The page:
What Trump Having COVID-19 Means for Markets

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Pres. Donald Trump and First Lady Melania Trump Praying
Source: First Lady Melania Trump Twitter account

President Trump and the First Lady both confirmed this past week that they contracted the COVID-19. Their diagnosis left investors with a strong sense of uncertainty.

If there is one thing the markets do not like, it’s uncertainty—about the upcoming election, the health of the economy (no pun intended), and pretty much everything else in between.

It is not out of the realm of possibility that we could see more cases close to Trump and the White House. Even those staff members who’ve tested negative since the President’s disclosure could still be diagnosed with the virus in the coming days since the incubation period is up to 14 days.

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While this might seem to be the perfect twist in the TV Drama this 2020, and it might seem like we are pushing forward without any history to learn from, that’s actually not entirely true. We have seen many Presidents get sick (not necessarily from COVID-19 or even this close to an election) and worse, yet we have still managed as a country to pull through rather successfully.

As for the economy and markets, this has not always been the case. Of course, a sick President in his 70s is not good. This is especially the case when Trump is a male in his 70s and overweight for his age putting him at a higher risk of experiencing worse symptoms.

In general, the disease has affected people very differently too as if things couldn’t get more unsettling.  Over 7 million Americans were infected with COVID-19 and many of them are experiencing “long symptoms”. These include shortness of breath, blood clots, kidney damage, and foggy thinking. There are also a lot of neurological symptoms, which are of course very scary to consider in the case of Trump who in theory might be the most powerful person in the world right now as the U.S. President.

To be fair, this would also be the case for former Vice President and Democratic nominee Joe Biden if he were to win the election and then contract the disease. Honestly, this adds even one more level of uncertainty to consider. Not only does our current President have the disease, but his opponent and potential winner of the race is also at high-risk. Meaning, regardless of the outcome of the election, our presidential situation is a very risky one from a health perspective.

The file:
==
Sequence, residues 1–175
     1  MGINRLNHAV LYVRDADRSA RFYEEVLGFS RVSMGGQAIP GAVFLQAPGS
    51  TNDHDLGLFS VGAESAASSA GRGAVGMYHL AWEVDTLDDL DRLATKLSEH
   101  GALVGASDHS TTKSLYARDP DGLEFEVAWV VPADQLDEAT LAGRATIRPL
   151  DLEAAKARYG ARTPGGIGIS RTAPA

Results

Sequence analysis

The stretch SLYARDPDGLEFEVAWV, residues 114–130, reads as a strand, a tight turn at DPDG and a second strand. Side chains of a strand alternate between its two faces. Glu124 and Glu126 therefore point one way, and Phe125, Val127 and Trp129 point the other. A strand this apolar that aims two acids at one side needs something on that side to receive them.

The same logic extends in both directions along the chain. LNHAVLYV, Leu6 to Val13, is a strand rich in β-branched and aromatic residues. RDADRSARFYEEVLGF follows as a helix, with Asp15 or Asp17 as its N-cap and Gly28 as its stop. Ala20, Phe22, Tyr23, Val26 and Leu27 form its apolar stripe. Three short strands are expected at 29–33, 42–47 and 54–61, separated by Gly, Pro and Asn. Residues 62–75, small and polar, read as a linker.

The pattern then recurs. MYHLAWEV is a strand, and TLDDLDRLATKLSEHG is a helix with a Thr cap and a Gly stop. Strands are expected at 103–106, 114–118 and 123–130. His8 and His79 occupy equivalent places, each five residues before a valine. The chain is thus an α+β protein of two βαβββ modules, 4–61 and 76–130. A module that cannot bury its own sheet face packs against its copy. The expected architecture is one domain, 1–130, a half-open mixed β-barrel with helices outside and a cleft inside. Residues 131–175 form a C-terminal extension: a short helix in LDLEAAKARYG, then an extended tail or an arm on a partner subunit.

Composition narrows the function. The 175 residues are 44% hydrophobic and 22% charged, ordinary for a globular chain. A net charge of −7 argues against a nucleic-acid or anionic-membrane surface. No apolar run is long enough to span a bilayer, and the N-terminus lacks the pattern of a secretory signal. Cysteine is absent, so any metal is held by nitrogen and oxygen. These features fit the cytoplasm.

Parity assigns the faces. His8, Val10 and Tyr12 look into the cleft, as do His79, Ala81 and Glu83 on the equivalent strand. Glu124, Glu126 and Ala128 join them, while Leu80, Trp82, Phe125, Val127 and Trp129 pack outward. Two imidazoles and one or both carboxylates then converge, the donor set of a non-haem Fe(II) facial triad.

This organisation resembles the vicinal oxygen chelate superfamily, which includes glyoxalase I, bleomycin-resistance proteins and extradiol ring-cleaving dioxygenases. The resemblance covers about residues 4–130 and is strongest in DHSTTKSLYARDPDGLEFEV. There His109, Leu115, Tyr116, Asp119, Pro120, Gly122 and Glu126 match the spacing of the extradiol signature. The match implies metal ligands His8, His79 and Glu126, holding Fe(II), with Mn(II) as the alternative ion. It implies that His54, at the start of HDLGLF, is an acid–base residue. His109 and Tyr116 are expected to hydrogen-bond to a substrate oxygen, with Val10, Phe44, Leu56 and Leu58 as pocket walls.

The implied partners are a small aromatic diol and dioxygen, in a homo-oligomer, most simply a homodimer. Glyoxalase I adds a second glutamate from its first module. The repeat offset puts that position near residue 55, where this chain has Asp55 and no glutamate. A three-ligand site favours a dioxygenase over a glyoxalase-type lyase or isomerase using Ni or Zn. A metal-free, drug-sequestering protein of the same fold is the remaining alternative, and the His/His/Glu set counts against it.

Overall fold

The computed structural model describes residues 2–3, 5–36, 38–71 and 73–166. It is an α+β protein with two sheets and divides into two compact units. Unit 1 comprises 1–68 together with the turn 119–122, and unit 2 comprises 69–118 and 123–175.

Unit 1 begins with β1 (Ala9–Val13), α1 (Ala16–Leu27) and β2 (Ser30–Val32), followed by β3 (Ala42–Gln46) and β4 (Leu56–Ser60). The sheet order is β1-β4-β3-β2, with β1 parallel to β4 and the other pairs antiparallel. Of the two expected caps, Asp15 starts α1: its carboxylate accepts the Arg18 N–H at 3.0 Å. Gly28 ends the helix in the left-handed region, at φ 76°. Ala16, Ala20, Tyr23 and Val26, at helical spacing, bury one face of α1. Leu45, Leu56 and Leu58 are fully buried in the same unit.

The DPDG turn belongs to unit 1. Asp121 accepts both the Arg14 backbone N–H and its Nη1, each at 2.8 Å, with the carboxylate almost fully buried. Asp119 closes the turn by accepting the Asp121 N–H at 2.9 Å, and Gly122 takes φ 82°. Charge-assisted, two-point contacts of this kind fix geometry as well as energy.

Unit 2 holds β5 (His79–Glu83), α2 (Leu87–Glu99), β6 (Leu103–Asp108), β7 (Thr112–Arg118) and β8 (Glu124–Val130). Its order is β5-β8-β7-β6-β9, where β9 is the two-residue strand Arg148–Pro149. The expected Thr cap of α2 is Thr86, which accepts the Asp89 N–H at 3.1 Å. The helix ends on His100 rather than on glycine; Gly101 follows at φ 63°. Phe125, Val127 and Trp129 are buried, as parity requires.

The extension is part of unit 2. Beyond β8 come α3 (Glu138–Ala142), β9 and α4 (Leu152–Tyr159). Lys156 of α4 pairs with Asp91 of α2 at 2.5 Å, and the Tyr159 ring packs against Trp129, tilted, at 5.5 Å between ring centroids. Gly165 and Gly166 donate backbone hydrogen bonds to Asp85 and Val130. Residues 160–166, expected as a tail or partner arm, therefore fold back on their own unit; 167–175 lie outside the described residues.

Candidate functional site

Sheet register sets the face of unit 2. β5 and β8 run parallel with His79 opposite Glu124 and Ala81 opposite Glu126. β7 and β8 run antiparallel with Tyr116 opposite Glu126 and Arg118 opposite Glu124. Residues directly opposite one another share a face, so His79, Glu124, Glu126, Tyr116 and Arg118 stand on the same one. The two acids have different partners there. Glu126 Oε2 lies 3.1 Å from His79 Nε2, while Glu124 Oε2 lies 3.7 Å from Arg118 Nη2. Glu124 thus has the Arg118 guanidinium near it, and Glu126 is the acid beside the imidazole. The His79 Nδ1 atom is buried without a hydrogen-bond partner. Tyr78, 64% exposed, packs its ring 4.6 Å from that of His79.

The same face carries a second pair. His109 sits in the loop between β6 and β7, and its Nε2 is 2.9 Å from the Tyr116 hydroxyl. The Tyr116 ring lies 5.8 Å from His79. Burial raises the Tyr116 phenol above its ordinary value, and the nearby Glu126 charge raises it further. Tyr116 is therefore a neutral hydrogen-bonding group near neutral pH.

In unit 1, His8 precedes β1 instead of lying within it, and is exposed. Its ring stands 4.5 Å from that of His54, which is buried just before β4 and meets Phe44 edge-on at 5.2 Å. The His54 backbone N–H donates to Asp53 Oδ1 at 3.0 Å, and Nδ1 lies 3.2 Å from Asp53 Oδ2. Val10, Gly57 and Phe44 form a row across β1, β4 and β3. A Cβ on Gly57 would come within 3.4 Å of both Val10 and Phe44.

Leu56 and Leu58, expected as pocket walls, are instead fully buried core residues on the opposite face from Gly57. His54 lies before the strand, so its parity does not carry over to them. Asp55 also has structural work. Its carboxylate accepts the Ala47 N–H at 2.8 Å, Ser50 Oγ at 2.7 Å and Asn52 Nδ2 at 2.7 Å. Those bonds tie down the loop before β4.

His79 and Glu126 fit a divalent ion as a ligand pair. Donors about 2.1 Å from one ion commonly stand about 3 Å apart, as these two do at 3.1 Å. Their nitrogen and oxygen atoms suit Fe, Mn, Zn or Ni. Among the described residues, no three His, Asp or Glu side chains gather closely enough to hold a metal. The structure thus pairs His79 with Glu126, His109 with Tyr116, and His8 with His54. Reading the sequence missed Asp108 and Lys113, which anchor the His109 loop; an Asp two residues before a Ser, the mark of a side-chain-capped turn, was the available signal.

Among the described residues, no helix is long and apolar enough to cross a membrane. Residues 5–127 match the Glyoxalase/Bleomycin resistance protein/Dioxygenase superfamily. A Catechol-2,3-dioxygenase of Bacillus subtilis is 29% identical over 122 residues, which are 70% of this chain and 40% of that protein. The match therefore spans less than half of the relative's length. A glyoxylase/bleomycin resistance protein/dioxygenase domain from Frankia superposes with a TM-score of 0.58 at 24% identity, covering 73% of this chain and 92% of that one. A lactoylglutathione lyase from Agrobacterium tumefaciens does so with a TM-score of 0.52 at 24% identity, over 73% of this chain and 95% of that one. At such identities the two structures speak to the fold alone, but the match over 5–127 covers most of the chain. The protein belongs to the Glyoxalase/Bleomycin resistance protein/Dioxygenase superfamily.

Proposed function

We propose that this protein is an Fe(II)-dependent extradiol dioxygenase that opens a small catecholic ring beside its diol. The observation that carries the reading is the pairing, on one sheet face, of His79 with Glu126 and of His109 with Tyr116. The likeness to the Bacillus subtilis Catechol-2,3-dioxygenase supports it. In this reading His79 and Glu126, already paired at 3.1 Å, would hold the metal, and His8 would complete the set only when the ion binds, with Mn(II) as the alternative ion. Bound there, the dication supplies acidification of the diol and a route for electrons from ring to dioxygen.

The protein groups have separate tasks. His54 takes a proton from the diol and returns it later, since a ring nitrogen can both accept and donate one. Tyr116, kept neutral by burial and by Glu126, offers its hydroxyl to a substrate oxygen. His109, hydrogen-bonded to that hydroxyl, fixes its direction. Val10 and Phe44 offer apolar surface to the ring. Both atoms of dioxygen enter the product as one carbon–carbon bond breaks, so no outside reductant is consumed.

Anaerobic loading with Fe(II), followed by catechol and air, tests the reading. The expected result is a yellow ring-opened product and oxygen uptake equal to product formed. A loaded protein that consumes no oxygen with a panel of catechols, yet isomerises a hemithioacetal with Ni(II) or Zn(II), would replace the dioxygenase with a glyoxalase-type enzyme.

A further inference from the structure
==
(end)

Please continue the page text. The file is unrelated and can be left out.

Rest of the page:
So what does this mean for us? First, Trump may have a mild case and recover very quickly. Obviously, his campaign will still be impacted. The President had to cancel some rallies, which have been his preferred method for bringing his platform to the public. This may actually work in his favor. Greg Valliere, the chief U.S. policy strategist of AGF Investments, said, “When Reagan was shot, he handled it with humor and he got sympathy from the public, and it helped him. So this could ironically be a plus for Trump.”

But I think, most importantly the nation and investors, in particular, were slapped in the face with a hard truth. There isn’t anything certain about what is going to happen within the upcoming months. In less than a month, we will be choosing between two candidates to determine who will be our President for the next four years, both of whom are at high risk for experiencing the worst-case scenario upon contracting the disease. This is the person directly responsible for our economy, markets, policies that affect both, as well as our business relationships with the rest of the world. It’s very unsettling to think that we can’t escape the fact either of the presidential candidates, regardless of the outcome, may not be healthy enough to perform his duty.

We have been through Presidents having serious health problems. George Washington had a number of serious health issues. Eisenhower had a heart attack in his first term and a stroke in his second. If President Trump becomes very sick (or potentially Biden if he wins the election), it’s possible he or his team would invoke the 25th Amendment which in part stipulates a temporary transfer of power to a vice president. Presidents Reagan and W. Bush did in 1985, and in 2002 and 2007 respectively before colonoscopies (for those of you who follow that kind of thing.)

The bottom line is that we have always recovered economically from these types of events. But it certainly explains why markets did not perform well last week and why we may continue to see poor performance throughout the duration of 2020. Hopefully, with a new year, we will also have a new sense of certainty with the world we are living in.

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